I saw twenty-seven patients today. It was busy. There were several add-ons to an already packed schedule. I book 15-minute appointment slots. I have colleagues that book 10-minute appointments but I just don’t see how one can possibly deliver good medicine in such a short period of time. So for me, having an extra patient booked every hour makes for a really busy day.

Of the twenty-seven patients, no word of a lie, twenty-five came in because of cold and cough symptoms and only one patient left with a prescription for antibiotics. One. Did they all need to be seen? Absolutely not. I’ve been coughing for five weeks and haven’t thought to see a doctor. It’s a virus. It will get better on it’s own. If it doesn’t it’ll be pretty obvious and will declare itself with fever, chills, shortness of breath and exhaustion.

I like educating my patients about colds and flu. But damn me if they don’t remember the advice on a year to year basis. It can be really frustrating – for them and for me. They’ve taken time off work to see me, they feel awful and just want to get better. I understand that. But when they see everyone else around them with the same symptoms isn’t it obvious to them that going to see their doctor is kind of useless?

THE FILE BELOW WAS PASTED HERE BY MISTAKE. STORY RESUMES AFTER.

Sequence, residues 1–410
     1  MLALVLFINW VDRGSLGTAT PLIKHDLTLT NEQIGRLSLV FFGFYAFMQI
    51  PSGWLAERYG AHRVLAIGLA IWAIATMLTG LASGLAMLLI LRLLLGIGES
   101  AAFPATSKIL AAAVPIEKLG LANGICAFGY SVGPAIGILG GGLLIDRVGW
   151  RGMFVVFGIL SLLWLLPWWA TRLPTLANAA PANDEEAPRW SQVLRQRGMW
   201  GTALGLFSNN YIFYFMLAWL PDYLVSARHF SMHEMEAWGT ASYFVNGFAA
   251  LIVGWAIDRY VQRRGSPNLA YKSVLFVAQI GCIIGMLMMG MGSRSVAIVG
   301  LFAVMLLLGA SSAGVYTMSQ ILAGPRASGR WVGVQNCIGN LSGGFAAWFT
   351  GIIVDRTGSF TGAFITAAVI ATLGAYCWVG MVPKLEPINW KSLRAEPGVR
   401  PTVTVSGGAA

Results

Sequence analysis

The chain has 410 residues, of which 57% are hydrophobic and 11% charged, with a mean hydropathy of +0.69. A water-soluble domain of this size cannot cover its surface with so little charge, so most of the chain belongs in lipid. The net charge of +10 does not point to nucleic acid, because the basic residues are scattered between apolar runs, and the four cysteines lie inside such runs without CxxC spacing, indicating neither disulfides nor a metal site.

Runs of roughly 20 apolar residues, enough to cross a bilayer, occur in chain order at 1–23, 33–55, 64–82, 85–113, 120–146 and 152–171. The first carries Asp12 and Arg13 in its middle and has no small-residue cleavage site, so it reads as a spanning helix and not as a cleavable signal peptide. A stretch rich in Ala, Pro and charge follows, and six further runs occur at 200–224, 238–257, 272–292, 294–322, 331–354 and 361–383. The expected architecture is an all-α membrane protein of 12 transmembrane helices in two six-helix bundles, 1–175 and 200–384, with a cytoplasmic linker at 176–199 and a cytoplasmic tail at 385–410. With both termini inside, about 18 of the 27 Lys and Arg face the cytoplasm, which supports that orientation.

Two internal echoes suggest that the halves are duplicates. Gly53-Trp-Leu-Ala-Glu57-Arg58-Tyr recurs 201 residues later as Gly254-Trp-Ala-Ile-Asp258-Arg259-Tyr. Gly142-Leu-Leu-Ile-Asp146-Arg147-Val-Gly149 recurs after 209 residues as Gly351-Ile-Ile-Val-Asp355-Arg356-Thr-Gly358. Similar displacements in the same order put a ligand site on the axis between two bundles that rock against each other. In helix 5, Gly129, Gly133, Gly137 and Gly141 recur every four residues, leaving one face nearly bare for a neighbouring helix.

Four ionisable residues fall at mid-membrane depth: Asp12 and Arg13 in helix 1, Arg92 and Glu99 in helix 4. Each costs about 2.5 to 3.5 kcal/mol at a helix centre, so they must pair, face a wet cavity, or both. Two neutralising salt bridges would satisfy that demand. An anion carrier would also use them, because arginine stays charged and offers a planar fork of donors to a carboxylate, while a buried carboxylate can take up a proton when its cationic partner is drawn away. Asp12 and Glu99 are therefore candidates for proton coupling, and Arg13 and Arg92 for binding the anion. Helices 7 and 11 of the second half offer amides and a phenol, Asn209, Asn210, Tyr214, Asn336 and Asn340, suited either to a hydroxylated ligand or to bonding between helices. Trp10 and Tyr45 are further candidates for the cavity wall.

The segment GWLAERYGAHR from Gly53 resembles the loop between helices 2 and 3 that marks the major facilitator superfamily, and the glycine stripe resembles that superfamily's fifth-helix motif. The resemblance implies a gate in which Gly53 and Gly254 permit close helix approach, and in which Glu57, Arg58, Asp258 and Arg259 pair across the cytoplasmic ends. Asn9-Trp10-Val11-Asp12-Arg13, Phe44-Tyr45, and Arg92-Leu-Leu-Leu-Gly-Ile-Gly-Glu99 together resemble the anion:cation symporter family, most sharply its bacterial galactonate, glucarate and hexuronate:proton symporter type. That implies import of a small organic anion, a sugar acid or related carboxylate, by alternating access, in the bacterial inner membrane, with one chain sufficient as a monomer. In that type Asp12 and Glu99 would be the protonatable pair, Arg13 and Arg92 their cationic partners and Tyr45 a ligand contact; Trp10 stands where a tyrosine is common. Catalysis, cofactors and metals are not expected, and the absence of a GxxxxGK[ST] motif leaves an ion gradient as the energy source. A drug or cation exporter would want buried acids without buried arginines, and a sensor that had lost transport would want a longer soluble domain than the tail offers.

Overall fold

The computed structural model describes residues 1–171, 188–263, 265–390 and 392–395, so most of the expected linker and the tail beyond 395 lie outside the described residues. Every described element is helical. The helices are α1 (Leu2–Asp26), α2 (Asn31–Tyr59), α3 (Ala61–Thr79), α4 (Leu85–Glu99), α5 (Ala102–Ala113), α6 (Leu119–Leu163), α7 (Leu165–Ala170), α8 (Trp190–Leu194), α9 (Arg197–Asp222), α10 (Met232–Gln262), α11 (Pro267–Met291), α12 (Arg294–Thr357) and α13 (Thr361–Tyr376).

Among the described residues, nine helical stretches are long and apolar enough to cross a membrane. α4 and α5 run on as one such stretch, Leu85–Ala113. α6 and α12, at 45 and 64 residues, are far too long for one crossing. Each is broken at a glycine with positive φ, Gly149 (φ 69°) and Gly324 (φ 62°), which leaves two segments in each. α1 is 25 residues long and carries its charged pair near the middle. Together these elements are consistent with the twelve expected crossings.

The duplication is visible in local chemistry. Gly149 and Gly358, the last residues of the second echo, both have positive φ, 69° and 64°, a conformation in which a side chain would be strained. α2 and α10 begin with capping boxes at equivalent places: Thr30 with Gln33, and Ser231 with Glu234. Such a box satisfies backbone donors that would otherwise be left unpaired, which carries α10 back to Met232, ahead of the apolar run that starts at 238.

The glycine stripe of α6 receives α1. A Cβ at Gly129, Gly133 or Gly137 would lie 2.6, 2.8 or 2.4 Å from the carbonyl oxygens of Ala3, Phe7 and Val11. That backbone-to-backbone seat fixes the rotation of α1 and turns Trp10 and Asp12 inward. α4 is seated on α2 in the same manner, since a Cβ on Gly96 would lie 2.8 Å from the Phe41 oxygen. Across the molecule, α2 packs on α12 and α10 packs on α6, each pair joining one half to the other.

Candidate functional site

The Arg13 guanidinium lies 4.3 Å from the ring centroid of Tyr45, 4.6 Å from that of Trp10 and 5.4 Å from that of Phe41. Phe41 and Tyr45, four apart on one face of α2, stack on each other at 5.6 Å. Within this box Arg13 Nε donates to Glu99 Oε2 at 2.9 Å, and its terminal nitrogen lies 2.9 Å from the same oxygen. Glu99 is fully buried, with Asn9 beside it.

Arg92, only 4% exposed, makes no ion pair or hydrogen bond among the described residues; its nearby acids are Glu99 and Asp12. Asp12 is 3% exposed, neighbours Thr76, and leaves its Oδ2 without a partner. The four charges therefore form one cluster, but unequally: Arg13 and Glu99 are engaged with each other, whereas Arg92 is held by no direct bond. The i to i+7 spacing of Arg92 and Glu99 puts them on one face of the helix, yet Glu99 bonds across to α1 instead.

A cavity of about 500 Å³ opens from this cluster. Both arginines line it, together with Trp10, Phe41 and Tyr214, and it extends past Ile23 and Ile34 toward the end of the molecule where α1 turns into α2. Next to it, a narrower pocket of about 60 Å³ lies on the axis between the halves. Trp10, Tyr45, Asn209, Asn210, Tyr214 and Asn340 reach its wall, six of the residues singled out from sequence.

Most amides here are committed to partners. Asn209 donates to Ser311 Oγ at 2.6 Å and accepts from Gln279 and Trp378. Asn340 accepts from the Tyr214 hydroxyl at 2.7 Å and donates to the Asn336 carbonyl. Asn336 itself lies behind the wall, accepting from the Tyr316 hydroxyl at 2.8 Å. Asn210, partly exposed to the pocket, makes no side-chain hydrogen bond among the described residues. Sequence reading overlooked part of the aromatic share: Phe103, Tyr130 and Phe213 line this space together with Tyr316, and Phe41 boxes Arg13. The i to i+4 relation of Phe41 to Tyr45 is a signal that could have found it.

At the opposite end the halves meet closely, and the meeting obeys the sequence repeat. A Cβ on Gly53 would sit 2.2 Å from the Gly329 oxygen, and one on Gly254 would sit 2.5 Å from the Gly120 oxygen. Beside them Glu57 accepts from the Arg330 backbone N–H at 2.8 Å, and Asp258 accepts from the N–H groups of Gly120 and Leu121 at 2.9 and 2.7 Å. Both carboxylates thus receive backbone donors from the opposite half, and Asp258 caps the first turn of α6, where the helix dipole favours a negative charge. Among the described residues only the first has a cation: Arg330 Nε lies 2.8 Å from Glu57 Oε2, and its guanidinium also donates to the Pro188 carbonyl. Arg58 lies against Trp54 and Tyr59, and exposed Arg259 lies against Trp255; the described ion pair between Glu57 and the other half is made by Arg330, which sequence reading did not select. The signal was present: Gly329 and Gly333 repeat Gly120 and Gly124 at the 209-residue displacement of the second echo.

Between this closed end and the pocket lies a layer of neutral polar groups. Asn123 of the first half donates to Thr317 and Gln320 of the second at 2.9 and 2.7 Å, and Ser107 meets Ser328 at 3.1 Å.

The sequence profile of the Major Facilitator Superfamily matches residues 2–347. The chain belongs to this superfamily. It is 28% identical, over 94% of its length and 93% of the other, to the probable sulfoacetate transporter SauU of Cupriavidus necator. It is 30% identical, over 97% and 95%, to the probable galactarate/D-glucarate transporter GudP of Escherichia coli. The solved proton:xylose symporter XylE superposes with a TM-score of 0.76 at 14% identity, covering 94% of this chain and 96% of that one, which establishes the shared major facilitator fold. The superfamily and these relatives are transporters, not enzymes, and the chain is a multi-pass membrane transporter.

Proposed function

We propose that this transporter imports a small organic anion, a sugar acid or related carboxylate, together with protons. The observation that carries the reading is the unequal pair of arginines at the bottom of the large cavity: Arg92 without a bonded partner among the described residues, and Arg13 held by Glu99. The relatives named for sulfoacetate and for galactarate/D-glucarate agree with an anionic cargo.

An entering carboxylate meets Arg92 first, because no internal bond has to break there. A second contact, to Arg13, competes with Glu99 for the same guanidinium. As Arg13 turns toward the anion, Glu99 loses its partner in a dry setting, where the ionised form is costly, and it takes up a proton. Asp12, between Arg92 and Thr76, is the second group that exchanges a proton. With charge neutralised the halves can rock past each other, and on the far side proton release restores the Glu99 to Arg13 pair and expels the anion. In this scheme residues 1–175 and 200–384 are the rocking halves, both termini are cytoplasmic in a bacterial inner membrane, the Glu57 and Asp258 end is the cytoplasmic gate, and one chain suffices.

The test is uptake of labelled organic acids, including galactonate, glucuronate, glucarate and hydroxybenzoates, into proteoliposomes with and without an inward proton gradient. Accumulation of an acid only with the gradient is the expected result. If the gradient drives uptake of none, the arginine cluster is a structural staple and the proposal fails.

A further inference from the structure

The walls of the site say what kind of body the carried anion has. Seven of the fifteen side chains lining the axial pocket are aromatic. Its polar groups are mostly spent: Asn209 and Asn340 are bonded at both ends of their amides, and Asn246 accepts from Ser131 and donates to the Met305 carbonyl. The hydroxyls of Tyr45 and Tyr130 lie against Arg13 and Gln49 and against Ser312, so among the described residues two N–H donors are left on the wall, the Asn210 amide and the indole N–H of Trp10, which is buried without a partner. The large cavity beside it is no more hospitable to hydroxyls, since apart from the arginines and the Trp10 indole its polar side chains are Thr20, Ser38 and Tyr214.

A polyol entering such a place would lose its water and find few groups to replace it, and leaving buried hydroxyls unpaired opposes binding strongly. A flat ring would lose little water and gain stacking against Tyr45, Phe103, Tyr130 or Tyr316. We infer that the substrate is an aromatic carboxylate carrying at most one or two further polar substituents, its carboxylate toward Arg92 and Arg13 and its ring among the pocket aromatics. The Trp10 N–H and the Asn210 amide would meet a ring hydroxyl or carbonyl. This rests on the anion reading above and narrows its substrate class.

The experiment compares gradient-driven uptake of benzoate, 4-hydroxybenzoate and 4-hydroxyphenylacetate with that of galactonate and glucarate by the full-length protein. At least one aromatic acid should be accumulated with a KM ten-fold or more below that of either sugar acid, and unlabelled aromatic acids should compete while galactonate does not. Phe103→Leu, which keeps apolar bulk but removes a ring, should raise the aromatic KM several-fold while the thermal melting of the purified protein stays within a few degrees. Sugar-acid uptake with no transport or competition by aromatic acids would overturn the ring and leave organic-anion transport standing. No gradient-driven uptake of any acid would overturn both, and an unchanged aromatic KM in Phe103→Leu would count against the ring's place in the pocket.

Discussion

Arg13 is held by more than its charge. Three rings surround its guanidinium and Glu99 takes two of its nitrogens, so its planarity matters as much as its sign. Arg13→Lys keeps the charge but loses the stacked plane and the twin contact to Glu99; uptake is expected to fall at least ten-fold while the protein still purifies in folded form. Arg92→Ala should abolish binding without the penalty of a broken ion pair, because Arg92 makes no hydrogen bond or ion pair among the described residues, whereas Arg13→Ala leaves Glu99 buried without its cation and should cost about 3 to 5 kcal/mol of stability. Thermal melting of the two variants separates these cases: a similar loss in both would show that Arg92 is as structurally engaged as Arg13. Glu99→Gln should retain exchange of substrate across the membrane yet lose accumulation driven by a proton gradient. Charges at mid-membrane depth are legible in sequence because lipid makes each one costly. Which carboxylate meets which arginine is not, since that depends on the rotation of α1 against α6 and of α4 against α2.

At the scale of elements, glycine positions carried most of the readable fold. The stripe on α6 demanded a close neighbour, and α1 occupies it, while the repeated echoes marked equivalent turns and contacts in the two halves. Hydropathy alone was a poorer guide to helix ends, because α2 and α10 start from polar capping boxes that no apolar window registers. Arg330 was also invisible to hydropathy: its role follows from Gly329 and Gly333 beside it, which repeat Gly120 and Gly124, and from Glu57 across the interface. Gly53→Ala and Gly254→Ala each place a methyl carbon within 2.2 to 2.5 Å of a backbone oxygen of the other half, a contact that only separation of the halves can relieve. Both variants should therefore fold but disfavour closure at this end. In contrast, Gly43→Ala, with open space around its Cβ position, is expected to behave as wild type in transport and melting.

After the day I had, apparently not.

I just hope tomorrow something a little more interesting happens.

The Fall Plague

No, I’m not talking about Yersinia or Ebola.  I’m referring to this nasty little guy —  Rhinovirus.The common cold has been making quite an appearance in the last month, causing coughs and runny noses that are lasting up to a few weeks!  It’s been rather crazy in the office these days with the number of people coughing up, what seems like a few lungs a day.  I feel like I’m reciting a script – “You have a cold.  It’ll run it’s course.  An antibiotic won’t help. Get some rest and drink some fluids.”

My daughter had a phlegmy cough, for at least 3 weeks I think.  Never had a fever.  Clearly viral.  She knows how to do the “sleeve cough”. I have seen her do it – at school, at her grandmother’s house.  But does she remember to do it at home?  No, not so much.  She gets into these coughing fits at bedtime when I’m lying next to her reading a story.  I can’t count the number of times she coughed directly into my face over the past few weeks.  So sure enough, last week I developed a tightness in my chest and an irritating cough that has now progressed a similar cough my daughter had (and my husband now has too).  Thanks, kid.

I used to pride myself on my strong immune system.  Since that first year of medical school (where I was sick as a dog for months) to the day my daughter was born, I hadn’t had so much as a cold.  While everyone around me was dropping like flies, I was healthy and never sick. And then I had kids and it all went downhill from there.  Since my daughter was born in late 2008, I have had at least one or two colds each year.  I got so sick one day last spring that I actually called in sick!!  Unheard of for me.

So here I am, hacking away between patients, struggling to talk with a throat that feels like sandpaper and I’m seeing patients who are “sick” and need antibiotics.  Come on, people.  Suck it up.  It’s just a cold.  If I can get up and go to work, so can you!

Thank goodness for NyQuil.